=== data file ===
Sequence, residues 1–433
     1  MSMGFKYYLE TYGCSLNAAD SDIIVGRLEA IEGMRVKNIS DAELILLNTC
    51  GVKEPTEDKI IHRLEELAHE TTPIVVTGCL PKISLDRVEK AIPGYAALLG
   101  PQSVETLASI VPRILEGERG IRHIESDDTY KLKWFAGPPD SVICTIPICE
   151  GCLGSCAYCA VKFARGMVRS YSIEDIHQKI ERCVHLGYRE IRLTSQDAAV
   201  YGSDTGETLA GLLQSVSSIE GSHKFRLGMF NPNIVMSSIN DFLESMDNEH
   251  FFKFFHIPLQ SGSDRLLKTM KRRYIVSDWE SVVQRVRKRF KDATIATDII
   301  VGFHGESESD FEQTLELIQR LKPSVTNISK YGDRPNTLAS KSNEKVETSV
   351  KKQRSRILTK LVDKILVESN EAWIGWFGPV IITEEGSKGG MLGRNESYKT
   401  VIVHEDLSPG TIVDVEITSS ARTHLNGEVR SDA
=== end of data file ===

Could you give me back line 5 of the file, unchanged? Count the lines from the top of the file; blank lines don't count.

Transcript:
   151  GCLGSCAYCA VKFARGMVRS YSIEDIHQKI ERCVHLGYRE IRLTSQDAAV